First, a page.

There’s a reason Americans can’t all get along, and it isn’t Trump
To put it in a different context, imagine your young daughter hands you a document explaining (1) why you’re a terrible parent and (2) that she’s decided to wing it on her own. If this has actually happened to you, remember it happened to the British first. Authority issues are imbedded in our national DNA.
Why can’t we all just get along in America?
Because we have the liberty to disagree, the passion to exercise it and the wisdom to protect it fervently.
Civic institutions such as governments, religious bodies and families guard our liberties such as the freedom of speech, press and religion. They also ensure those values are passed from one generation to the next.
Families are our most basic communities. They deeply influence our perspectives and behavior. If we want a more gracious society, we need to demonstrate grace at home. Hoping our nation will help people in need? Start by helping others as a family. Dreaming of a future where we are judged by the content of our characters rather than the color of our skin? Make sure your family builds relationships with people who don’t look like you.
This sounds obvious, but we often fail at this most basic level. Posting our ideals on social media is far easier than passing them along to our children. The greatest threat to our future is failing to teach our children the lessons of our past.
Churches, mosques, synagogues and other religious bodies are critical communities of moral accountability across our society. At a minimum, most provide an external set of behavioral expectations and establish important social bedrock. Yes, matters of faith are often a source of passionate disagreement, but they also help us focus on serving others and participate in considerable charitable work.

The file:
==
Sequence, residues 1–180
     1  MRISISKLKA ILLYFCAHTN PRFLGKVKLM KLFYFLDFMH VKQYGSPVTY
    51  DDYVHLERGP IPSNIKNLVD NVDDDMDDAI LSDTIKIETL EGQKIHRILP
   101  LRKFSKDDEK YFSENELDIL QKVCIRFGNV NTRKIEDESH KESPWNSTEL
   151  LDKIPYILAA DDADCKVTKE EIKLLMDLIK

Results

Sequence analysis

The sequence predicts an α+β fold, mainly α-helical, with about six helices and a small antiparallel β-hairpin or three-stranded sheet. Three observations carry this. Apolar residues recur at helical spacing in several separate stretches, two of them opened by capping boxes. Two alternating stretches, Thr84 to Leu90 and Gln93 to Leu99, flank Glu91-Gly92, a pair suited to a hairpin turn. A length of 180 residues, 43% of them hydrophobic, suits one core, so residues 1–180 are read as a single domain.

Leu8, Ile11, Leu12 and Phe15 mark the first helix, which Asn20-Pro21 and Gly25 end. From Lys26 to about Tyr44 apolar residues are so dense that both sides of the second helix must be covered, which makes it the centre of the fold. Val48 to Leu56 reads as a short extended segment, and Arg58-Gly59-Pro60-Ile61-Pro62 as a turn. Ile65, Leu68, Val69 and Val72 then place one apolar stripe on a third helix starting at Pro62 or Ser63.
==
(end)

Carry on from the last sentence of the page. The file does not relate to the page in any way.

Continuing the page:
Like the family, religious engagement contributes to a sense of belonging so desperately needed in a society where individuals increasingly feel socially and politically isolated.
Our various tiers of government in the United States are perhaps the most critical safeguards to our liberty. For many of us, it’s strange to think of governments as essential to liberty, but our nation was founded on that idea. The Declaration of Independence clearly states that governments are created to protect our God-given rights.
At the most fundamental level, governments set the guardrails for our engagement with each other. We agree on a certain process for elections, making laws and a host of other decisions. Even when we hate the results, we support the process. As long as we do that, governments serve as a source of stability in American society.
Building any type of unanimity between more than 320 million Americans is almost impossible. It sometimes happens when we’re attacked as a nation, but thankfully, large-scale attacks are rare.
Common courtesy and mutual respect are virtues worth our pursuit, but our passionate public disagreements are liberty’s beauty mark. We ought to exercise our liberties more responsibly, but we should even be thankful for our rancorous public disagreements. It might not be “Kumbaya,” but the sound of our jarring political barbs is a symphony compared to the cold silence of oppressive conformity.
Image by Marina Linchevska